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Brady welcomes call for Nursing Home public inquiry

Wicklow Sinn Féin TD John Brady has welcomed the decision of the Oireachtas Special Committee on Covid-19 Response on to call for a public inquiry into the startling number of deaths which took place in nursing homes throughout the state due to coronavirus pandemic.

Speaking today, Brady Said:

“I have called for a public inquiry into Covid related deaths in nursing home facilities on a number of occasions at this stage. Including a call made during my appearance at the Oireachtas Special Committee on Covid-19 Response meeting in September. Where I specifically called for an inquiry into the deaths of 12 former residents of St Brigid’s Nursing Home in Crooksling, which is on the border between Dublin and West Wicklow.”

“In June it was revealed there were 31 deaths at six different nursing homes across County Wicklow. Those included the deaths of 24 people in Bray, with 10 in just one nursing home in the town, and seven people in the rest of the county. Combined with the deaths of Crooksling residents who had been transferred to a facility in Tymon North in Tallaght, that is a total of 43 deaths.”

“At the time the current Minister for Health Stephen Donnelly stated that nursing homes in Wicklow ‘were left screaming for help’. Since then, I have made attempts to contact the minister on this issue, which he refuses to even acknowledge, leaving me ‘screaming for a reply’.”

“I call upon the minister to act now, to expedite a public inquiry, to ensure that there are no more unnecessary deaths in our nursing homes. We need to make sure that the lessons of the first surge have been learnt. Unfortunately, there have already been at least six new outbreaks of Covid-19 in nursing homes so far this month according to National Public Health Emergency Team (NPHET). Some of these outbreaks have run to several dozen infections. The Chief Medical Officer (CMO) Dr Tony Holohan has already expressed his concern around the number of cases in nursing homes in his letter to Government last Sunday.”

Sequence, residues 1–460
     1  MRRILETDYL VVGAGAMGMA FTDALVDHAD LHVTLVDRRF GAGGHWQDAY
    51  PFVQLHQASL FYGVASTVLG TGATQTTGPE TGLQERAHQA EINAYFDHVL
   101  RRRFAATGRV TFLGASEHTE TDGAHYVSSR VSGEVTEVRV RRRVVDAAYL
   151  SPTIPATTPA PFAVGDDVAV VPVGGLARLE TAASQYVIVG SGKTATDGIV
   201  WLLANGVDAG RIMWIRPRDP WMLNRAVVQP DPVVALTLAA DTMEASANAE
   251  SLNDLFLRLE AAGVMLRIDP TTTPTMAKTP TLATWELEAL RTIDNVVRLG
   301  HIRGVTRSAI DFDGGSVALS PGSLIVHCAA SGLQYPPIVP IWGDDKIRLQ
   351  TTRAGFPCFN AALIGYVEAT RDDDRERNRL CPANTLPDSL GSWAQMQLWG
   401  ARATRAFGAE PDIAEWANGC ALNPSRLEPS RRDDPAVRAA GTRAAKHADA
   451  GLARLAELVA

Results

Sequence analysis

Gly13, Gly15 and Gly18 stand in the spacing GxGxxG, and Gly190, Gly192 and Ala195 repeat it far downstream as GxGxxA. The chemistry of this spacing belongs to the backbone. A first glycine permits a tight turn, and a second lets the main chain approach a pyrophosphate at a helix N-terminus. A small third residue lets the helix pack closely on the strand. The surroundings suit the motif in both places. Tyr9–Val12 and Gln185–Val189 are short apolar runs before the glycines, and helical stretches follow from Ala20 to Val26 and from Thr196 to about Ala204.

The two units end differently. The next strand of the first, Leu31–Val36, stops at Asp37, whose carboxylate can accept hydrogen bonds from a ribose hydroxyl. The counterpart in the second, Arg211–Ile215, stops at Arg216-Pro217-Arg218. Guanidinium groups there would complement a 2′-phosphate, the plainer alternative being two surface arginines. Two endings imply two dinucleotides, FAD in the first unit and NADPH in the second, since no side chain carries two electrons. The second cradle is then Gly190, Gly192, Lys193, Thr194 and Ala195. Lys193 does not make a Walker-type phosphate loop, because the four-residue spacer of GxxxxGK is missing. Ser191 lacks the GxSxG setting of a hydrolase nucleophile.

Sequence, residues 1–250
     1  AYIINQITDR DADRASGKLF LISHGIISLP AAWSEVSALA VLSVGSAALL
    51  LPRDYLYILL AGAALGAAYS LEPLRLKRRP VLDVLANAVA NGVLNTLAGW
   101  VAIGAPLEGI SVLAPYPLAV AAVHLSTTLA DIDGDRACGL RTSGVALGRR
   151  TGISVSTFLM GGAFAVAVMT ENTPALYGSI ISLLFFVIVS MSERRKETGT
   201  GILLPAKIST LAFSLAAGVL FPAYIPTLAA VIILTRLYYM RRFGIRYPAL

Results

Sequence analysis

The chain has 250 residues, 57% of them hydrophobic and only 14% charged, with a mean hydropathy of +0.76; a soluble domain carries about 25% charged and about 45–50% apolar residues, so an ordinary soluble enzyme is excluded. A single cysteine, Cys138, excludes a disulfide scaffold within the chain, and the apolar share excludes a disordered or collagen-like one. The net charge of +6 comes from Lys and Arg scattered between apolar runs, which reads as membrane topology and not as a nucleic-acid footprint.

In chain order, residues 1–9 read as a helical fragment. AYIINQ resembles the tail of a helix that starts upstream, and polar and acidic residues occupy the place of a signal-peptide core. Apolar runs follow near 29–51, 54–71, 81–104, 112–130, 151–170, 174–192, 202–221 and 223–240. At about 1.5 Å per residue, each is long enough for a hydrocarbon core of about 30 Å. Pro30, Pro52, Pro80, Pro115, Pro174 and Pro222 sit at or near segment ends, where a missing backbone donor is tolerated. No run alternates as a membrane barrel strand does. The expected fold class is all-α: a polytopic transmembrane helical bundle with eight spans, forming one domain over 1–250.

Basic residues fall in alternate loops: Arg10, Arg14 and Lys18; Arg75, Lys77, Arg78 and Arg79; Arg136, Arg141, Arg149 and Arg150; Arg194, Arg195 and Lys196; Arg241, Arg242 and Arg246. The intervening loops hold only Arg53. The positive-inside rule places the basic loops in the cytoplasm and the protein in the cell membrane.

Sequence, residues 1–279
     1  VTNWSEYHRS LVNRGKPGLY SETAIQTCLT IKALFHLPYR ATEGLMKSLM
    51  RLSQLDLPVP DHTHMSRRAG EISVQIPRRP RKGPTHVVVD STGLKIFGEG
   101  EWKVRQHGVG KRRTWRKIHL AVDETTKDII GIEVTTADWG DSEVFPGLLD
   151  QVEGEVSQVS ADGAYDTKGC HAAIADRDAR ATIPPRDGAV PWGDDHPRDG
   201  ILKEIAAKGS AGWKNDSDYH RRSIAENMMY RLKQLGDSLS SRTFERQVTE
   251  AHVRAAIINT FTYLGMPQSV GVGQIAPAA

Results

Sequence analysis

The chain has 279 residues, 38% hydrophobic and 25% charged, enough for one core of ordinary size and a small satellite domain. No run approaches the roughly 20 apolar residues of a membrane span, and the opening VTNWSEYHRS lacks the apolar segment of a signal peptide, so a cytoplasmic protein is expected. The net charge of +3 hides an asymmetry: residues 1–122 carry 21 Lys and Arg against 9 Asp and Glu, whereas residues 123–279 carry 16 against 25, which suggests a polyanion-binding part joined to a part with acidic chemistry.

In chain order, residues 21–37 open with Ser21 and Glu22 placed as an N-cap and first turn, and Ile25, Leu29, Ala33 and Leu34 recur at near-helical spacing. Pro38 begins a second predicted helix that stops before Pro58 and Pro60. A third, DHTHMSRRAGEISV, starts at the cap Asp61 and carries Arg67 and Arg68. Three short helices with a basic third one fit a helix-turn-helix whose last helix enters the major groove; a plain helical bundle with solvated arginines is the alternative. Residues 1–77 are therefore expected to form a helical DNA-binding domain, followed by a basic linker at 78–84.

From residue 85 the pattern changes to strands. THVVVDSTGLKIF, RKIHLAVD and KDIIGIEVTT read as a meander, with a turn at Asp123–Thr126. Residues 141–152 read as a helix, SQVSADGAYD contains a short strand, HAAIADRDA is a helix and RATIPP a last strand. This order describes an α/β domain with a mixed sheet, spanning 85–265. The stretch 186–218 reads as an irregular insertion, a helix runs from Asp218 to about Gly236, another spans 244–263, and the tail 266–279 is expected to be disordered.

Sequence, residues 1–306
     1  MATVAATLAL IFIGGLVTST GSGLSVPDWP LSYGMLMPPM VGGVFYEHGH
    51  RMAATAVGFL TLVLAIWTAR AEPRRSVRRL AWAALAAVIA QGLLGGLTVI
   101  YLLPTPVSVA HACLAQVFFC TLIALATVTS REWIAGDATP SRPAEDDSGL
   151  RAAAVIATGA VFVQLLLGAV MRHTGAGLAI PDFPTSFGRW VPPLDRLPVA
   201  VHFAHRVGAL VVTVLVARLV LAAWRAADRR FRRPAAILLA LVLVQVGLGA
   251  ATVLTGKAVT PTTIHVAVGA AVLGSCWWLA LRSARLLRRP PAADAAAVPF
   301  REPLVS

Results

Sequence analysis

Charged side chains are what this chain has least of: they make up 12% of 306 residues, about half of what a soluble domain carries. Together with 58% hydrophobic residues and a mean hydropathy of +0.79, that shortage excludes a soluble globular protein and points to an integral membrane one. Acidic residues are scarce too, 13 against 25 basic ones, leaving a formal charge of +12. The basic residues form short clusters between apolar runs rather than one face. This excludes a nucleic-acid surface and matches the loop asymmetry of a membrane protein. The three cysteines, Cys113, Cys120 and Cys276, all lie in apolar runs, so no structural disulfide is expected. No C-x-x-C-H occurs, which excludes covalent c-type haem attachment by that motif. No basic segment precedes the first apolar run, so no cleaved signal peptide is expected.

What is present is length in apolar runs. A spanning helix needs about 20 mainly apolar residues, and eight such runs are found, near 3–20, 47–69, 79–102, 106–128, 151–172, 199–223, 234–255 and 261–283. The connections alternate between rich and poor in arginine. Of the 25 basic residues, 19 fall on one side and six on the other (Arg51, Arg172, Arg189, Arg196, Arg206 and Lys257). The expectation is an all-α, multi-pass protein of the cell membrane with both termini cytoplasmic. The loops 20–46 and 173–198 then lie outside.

Brady continued:

“The first confirmed case of Covid-19 in a nursing home in Ireland was on March 13. By the 23rd March, ten days later, a decision was taken to move residents from the Crooksling facility to Tymon North. Twelve of these residents died, and a further thirty-four members of staff would test positive. A court order was secured by HIQA to close another Nursing Home in the County, the only one to be closed due to Covid. HIQA informed me that this was a result of the identification of ‘clear threat to life and limb’ in the facility. Despite attempts by HIQA to enforce compliance, this was not possible. HIQA cited the fact that necessary changes did not take place, that the capacity to make the changes was not there, due to a lack of leadership, a lack of governance and a lack of understanding of what was required.”

Brady concluded “HIQA also gave a report to the Dáil Covid -19 Committee that showed almost 60% of outbreaks in nursing homes inspected were more severe than they should have been due to weak governance and management. Half were not following proper infection prevention and control measures, and not even one of the 44 homes inspected were fully compliant with regulations. This can never be allowed to happen again”.

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